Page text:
cricket, and fire guns, and fish, and--and--oh, I wish I was grown up."
Miss Grey, who was by this time quite accustomed to Maggie's erratic speeches, thought it best to take no notice whatever of her present remarks. Maggie would have liked her to argue with her and remonstrate; she would have preferred anything to the calm and perfect stillness of the governess. She was allowed to talk a little while she was at her hemming, and she now turned her conversation into a different channel.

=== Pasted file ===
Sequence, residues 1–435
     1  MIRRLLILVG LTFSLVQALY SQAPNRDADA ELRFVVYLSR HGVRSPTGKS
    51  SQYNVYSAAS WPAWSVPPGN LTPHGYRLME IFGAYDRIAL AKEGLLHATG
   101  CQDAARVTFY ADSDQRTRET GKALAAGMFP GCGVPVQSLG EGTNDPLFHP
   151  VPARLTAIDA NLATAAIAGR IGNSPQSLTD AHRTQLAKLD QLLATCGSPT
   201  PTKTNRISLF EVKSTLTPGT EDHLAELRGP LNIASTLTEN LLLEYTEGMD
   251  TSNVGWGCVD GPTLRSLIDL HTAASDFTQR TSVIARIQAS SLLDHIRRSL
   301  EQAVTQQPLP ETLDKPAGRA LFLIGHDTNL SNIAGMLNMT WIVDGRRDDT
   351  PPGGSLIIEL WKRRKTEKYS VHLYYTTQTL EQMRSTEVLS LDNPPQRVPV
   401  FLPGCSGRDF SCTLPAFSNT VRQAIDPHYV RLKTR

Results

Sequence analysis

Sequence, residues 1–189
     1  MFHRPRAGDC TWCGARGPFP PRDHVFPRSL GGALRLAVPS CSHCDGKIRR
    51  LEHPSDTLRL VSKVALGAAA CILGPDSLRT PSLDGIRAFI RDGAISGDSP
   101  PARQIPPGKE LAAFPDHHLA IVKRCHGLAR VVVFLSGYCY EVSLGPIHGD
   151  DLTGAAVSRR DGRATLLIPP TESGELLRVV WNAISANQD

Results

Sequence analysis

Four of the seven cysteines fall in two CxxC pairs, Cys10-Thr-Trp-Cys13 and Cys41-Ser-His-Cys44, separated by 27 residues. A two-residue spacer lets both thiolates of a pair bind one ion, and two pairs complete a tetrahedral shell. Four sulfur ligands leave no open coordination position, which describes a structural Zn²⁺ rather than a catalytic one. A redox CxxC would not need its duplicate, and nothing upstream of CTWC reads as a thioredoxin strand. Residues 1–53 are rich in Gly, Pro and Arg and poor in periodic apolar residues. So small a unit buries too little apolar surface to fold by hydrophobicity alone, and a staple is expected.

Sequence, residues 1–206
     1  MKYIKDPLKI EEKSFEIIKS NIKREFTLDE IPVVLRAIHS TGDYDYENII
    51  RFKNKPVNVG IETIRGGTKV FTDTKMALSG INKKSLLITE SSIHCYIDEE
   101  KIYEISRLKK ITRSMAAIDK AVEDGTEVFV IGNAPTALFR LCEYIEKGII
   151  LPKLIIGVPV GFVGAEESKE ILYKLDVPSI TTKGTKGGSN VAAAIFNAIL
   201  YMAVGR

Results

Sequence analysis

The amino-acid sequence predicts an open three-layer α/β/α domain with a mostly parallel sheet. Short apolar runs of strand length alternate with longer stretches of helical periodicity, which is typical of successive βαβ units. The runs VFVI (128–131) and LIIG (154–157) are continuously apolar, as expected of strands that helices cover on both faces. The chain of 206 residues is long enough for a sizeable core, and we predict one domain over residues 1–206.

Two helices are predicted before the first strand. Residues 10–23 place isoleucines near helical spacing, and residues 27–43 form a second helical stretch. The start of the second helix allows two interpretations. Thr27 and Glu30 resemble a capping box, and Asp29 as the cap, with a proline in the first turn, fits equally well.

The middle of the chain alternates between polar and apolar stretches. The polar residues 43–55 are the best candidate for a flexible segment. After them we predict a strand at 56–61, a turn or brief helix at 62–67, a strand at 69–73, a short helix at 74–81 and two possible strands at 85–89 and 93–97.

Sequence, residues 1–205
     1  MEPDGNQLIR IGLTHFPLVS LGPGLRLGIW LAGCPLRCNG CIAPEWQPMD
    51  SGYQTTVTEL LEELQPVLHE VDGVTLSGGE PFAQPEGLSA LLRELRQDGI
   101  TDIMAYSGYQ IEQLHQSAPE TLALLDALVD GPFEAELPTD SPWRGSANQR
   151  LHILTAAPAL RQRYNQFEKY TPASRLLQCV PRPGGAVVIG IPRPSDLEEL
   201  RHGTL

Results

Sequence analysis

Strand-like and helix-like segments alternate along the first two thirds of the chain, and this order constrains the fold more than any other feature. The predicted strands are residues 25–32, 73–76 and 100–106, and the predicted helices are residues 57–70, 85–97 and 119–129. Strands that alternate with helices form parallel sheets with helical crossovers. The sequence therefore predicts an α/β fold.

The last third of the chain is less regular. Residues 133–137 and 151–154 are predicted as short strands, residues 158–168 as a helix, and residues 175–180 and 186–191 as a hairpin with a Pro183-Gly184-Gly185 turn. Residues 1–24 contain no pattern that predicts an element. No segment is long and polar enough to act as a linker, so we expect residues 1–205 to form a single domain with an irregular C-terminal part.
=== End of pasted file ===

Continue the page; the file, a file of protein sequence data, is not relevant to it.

"Miss Grey," she said, "which do you think are the best off, very rich little only children girls, or very poor little many children girls?"
"Maggie dear," replied her governess, "you are asking me, as usual, a silly question. The fact of a little girl being rich and an only child, or the fact of a little girl being poor and having a great many brothers and sisters, has really much less to do with happiness than people think. Happiness is a very precious possession, and sometimes it is given to people who